In the early 90s, the ‘high-performance’ movement began to gather pace, utilising feather-light boards, with three fins, hard rails and more rocker. Riding mostly off the tail, the approach combined the odd quick nose ride with progressive moves like roundhouse cutbacks, vert re-entries and even aerial attempts. Some of the limit-pushing was undeniably impressive, like Takuji Masuda at Pipeline or Bonga Perkins at Makaha. But overall, many worried that the traditional values of style, grace and the sanctity of trim had fallen by the wayside and the end result was just shortboarding on a longboard. As the ‘90s wore on and ASP competition leaned evermore towards the high-pro approach, a small group of purists set out to repopularise the lost art of logging.
Thomas Campbell’s Quiet Coup
In 1999, the film ‘The Seedling’ lit the touchpaper on traditional longboarding’s global renaissance. Created by artist and filmmaker Thomas Campbell, it featured a crew of Californian log riders, who, according to the voice-over, were “drawing out a beautiful line that was dropped off in the late 60s,” and, in a quick jab at the high-pro camp “leaving the butt wiggling and chop hopping in the dust.”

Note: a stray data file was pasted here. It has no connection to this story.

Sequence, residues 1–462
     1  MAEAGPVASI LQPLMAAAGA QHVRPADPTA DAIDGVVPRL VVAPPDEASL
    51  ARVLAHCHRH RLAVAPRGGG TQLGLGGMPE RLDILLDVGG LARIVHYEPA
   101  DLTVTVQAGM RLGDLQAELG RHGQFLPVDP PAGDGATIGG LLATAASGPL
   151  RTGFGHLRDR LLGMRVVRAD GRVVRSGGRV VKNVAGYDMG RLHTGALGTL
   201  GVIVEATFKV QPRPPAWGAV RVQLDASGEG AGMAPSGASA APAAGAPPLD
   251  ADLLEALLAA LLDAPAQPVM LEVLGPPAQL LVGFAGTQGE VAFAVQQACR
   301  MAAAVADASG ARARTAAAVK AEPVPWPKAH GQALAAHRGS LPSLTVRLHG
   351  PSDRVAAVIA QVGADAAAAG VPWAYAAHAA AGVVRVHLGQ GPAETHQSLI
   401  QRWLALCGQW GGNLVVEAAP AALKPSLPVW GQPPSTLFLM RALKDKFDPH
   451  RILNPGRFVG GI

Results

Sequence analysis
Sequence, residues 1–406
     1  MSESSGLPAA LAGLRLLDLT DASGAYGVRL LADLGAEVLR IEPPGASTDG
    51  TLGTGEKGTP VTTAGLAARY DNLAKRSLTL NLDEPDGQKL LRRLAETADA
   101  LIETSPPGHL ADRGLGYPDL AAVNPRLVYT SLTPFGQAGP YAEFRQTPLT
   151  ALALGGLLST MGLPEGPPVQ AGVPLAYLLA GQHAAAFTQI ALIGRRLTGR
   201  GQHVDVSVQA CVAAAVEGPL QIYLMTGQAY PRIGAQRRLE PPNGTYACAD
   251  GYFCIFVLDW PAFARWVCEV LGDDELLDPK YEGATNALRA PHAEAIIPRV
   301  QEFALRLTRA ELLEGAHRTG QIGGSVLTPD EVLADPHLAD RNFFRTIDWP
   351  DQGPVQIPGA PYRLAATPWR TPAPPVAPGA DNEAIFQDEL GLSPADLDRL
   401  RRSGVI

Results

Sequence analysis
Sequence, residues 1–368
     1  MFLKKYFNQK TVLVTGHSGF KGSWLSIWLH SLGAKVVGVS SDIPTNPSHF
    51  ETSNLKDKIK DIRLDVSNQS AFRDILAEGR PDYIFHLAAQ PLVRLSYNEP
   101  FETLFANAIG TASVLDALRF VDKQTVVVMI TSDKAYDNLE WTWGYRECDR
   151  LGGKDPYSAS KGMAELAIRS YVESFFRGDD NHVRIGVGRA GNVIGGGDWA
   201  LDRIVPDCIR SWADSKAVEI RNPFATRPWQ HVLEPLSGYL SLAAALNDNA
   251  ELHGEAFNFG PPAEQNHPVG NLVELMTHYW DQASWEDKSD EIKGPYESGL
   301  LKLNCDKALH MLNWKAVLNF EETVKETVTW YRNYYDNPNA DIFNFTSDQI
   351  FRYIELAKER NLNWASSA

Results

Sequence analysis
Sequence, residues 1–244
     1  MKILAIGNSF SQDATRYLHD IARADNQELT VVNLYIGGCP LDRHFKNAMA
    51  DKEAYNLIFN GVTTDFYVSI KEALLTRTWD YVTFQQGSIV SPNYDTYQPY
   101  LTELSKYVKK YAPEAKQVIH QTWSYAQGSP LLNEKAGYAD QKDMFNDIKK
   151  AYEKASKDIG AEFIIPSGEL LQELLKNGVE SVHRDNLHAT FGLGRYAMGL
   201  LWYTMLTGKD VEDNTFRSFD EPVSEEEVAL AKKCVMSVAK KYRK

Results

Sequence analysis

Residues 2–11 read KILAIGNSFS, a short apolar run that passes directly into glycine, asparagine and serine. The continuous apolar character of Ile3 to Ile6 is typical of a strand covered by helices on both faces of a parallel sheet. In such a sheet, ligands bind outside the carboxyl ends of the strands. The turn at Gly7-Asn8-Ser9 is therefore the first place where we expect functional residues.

Crucially, the film combined the old and the new. On the one hand, indulging heavily in the nostalgia at the heart of the scene with profile segments on 60s icons, while on the other, eulogising the young, lightfooted Californians dead set on rescuing them from obscurity.